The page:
Rated PG-13 - Running time: 1:35 - Released 9/18/98

In the old days of Bruce Lee, martial arts movies could be counted on to deliver lots of kicks and punches, but if you wanted humor, forget it. Even later, with the Billy Jack movies and Chuck Norris, being funny was definitely not those guys' jobs. But in Rush Hour, Jackie Chan and Chris Tucker have brought the martial arts/action genre into the realm of tongue-in-cheek comedy, and done fairly well under the direction of Brett Ratner. Though longtime Hong Kong movie star Chan is not much more than a straight man in this film, he obviously has a better understanding of the concept than most of his predecessors. And Chris Tucker, clearly patterning himself after Eddie Murphy in 48 Hours, provides plenty of laughs. Unfortunately, laughs ain't enough.

Though amusing and reasonably exciting, Rush Hour feels borrowed. It is patterned most obviously after the Lethal Weapon series, featuring two unlikely partners whose personalities clash more with each other than the criminals they're pursuing. But it also has elements previously seen in such a variety of films as Running Scared, the aforementioned 48 Hours, and The Big Hit. As a result, this film cannot really exceed the slightly-above-average level in the script department. One has to wonder, can't Ross LaManna (story) and Jim Kouf (screenplay) come up with anything new? But Tucker and Chan work almost as well together as Gibson and Glover, and the story is plausible enough for a lighthearted kick-and shoot fest.

A young Asian girl is abducted just before a grand gala is to take place in L.A., celebrating the end of British rule in Hong Kong and the re-release of millions of dollars worth of ancient Chinese artworks that had been owned by Brit investors. The girl is Soo Yung (Julia Hsu), the daughter of Consul Han (Tzi Ma), a diplomat for the Hong Kong government. The kidnapper wants $50 million or the girl gets it. Thomas Griffin (The Full Monty's Tom Wilkinson), the outgoing British governor, is also on hand and appears distraught over the incident. Or is he?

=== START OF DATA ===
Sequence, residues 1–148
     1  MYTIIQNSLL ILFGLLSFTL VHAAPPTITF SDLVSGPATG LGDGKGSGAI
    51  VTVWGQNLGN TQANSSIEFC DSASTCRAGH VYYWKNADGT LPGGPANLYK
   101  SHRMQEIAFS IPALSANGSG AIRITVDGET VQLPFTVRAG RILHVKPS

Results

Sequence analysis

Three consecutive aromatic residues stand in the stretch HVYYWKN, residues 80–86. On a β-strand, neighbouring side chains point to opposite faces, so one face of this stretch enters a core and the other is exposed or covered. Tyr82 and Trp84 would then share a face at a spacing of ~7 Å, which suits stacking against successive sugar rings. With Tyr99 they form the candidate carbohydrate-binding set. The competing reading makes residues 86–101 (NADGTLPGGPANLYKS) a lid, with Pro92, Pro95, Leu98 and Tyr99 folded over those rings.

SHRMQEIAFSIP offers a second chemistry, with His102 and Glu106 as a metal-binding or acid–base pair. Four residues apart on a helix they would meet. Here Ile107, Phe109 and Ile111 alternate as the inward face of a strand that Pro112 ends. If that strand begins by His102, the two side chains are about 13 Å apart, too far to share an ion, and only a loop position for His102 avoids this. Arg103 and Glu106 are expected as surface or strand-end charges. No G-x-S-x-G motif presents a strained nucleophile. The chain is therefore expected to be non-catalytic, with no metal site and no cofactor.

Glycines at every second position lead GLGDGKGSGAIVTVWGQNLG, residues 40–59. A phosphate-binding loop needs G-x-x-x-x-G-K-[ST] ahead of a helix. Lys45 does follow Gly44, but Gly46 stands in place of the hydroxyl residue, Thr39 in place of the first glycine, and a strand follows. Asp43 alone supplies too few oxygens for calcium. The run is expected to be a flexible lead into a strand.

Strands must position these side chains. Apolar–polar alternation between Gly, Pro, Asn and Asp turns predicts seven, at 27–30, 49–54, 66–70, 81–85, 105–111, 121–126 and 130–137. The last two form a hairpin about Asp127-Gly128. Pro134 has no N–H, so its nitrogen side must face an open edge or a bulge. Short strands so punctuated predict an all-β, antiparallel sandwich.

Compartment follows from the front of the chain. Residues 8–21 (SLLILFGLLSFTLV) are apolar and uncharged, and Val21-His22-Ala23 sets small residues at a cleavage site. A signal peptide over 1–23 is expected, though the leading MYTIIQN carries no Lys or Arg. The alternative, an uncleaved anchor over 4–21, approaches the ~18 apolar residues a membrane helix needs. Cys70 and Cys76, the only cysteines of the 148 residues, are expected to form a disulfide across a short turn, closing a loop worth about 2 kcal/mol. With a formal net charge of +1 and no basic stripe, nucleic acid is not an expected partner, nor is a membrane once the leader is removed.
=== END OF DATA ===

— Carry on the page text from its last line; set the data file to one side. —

Consul Han requests that Detective Inspector Lee (Chan), one of his best investigators, be used on the case. But the FBI is already working on it and doesn't want any meddlesome Chinese guy gumming up the works, so they hire Detective James Carter (Tucker) a mouthy LAPD cop, to be Lee's "partner" — basically, to show him the sights and keep him away from the case. But Carter wants to be in on the action as much as Lee does, and neither man wants a partner. So they must find a way to overcome their differences and the language barrier to help each other solve the case.

The movie is fun and funny, with plenty of action and very well-choreographed fights. Included at the end is a series of out-takes that are perhaps the funniest part of the show. Rush Hour would be a lot more valuable if it were not so heavily based on other successful films, but if you're looking for mindless entertainment, you could do worse. ***

Copyright 1998 by John R. McEwen and The Republican

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